131 pages, 63 b/w distribution maps
From the foreword:
"The British Isles are possibly unique in having a large resident army of amateur entomologists who freely exchange information without seeking any reward. The Biological Records Centre facilitates this exchange of information on a much larger scale than was possible previously, but the source of records remains the same. This Provisional Atlas of Larger Brachycera is one of many such publications derived almost entirely from the efforts of amateur naturalists, the group having received little study by academics and even less by professional entomologists in Britain.
One reason for this neglect is that most of these flies cannot be regarded as having major economic importance. The horse flies (Tabanidae) are a possible exception, being potentially important as disease vectors, and the female feeding habits can cause problems for livestock. Most of the larvae of Larger Brachycera are predatory and they must have some influence on pest populations in certain habitats, but their importance has yet to be evaluated.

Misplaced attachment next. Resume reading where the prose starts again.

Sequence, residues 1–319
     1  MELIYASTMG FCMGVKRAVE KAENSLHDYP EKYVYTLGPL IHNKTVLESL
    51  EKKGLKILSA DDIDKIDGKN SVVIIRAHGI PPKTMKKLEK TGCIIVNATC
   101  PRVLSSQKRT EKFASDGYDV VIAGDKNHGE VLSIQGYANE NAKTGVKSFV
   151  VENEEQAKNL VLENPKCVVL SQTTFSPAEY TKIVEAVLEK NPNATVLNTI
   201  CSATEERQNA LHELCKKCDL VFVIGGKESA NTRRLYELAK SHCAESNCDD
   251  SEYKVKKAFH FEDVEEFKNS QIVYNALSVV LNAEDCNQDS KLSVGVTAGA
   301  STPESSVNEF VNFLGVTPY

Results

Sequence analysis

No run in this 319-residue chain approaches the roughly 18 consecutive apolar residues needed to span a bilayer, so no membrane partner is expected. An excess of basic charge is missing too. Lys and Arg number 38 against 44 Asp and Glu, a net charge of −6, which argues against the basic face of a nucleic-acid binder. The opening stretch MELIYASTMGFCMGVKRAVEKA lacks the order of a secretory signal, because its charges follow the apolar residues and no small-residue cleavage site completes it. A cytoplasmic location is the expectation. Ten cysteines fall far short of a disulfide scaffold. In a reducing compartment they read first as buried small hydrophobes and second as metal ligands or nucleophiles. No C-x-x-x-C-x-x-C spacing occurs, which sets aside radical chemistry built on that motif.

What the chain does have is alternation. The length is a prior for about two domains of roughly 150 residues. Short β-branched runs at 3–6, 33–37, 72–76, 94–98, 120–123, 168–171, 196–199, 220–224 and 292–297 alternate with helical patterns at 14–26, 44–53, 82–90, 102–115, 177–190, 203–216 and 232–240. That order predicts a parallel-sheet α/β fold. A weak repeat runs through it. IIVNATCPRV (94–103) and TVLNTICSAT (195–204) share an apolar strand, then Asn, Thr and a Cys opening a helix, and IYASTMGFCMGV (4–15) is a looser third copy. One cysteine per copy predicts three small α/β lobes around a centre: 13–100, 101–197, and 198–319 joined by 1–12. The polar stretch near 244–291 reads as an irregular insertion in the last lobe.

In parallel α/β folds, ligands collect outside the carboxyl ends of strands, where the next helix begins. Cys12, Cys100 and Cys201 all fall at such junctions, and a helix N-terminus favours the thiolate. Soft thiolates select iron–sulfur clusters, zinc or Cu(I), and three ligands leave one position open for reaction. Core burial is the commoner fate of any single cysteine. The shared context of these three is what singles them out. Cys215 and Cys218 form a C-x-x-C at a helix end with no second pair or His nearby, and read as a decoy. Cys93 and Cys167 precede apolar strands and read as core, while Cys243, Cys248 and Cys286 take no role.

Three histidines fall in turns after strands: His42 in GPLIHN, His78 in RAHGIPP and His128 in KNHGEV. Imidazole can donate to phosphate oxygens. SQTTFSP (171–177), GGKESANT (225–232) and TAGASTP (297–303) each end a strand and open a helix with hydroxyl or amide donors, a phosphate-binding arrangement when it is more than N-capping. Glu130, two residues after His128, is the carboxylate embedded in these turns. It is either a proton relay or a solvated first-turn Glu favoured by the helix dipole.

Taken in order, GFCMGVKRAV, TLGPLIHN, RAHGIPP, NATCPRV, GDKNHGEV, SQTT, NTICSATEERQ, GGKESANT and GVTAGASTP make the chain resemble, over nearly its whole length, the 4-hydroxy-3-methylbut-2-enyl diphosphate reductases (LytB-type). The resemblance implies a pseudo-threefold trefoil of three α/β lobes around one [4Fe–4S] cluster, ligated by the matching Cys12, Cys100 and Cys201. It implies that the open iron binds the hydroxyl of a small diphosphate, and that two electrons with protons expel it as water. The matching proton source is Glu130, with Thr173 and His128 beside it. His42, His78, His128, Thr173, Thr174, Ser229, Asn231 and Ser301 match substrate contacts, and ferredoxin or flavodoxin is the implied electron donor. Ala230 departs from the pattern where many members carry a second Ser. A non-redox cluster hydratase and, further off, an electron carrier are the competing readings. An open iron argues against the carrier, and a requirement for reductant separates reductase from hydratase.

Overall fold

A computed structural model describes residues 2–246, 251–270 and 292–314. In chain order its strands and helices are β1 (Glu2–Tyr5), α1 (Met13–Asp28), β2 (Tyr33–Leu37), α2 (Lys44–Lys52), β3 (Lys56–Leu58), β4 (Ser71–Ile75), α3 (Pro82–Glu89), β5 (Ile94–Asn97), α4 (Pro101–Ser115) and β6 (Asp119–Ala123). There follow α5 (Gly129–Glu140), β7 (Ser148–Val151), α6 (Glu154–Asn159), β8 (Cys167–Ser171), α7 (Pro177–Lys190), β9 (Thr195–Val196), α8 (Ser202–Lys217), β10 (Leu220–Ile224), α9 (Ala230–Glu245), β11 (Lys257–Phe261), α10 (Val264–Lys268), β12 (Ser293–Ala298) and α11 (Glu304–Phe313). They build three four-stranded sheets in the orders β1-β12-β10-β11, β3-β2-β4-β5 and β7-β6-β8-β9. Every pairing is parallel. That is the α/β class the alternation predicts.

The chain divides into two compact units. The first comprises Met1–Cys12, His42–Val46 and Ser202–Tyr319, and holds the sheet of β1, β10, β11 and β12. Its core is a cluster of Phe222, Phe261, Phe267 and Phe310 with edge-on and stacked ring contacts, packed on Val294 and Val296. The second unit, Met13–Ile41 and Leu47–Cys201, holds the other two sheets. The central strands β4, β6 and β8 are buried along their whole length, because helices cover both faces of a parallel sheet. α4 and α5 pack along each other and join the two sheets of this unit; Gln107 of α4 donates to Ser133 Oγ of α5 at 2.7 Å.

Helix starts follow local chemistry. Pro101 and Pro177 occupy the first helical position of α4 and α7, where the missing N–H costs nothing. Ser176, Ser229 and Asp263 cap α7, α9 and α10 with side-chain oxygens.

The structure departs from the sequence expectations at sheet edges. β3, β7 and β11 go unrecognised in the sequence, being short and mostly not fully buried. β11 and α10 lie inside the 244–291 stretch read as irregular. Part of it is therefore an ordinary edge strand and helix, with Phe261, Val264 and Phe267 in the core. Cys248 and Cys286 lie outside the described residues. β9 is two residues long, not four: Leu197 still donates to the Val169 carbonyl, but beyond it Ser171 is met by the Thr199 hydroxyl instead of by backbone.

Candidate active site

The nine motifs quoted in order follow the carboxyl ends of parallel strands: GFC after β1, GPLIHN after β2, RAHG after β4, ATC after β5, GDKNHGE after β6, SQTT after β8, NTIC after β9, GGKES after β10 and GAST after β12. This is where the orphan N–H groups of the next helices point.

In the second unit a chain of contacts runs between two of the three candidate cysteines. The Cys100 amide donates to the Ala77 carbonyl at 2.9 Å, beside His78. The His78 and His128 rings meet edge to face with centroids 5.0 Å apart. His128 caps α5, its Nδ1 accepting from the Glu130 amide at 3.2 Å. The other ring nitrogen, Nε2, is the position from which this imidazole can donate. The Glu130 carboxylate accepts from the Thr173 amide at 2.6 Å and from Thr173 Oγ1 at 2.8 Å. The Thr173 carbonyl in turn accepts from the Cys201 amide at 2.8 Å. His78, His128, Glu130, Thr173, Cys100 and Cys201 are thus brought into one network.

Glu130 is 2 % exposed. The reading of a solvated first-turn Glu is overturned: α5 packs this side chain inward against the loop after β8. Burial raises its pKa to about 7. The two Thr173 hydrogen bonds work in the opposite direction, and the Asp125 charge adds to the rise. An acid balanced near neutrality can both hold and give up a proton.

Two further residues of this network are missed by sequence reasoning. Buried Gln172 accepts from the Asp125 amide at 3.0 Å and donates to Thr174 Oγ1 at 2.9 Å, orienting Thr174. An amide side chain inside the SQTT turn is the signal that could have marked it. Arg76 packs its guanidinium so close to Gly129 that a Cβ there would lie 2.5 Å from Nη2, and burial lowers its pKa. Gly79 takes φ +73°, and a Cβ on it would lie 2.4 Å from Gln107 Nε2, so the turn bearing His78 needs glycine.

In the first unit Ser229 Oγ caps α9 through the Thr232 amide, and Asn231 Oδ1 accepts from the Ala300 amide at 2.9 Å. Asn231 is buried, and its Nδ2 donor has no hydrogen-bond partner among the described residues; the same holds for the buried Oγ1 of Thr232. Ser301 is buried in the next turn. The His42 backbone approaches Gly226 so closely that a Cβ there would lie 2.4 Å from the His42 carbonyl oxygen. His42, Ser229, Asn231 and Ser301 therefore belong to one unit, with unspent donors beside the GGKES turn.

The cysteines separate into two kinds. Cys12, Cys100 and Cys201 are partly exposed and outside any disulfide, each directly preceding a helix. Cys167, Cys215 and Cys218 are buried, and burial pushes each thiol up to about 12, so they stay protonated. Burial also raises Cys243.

The group includes some of the most spectacular flies found in Europe. Many of them are sun-loving insects, fond of sitting in open situations where they attract the attention of the casual observer. The British Isles fauna is relatively poor in species, many of which are very local in distribution, and few dipterists have specialised solely in them. On the other hand, almost all dipterists collect or record them, albeit on a casual basis, so that the Larger Brachycera Recording Scheme has been able to gather sufficient records to warrant this provisional atlas."
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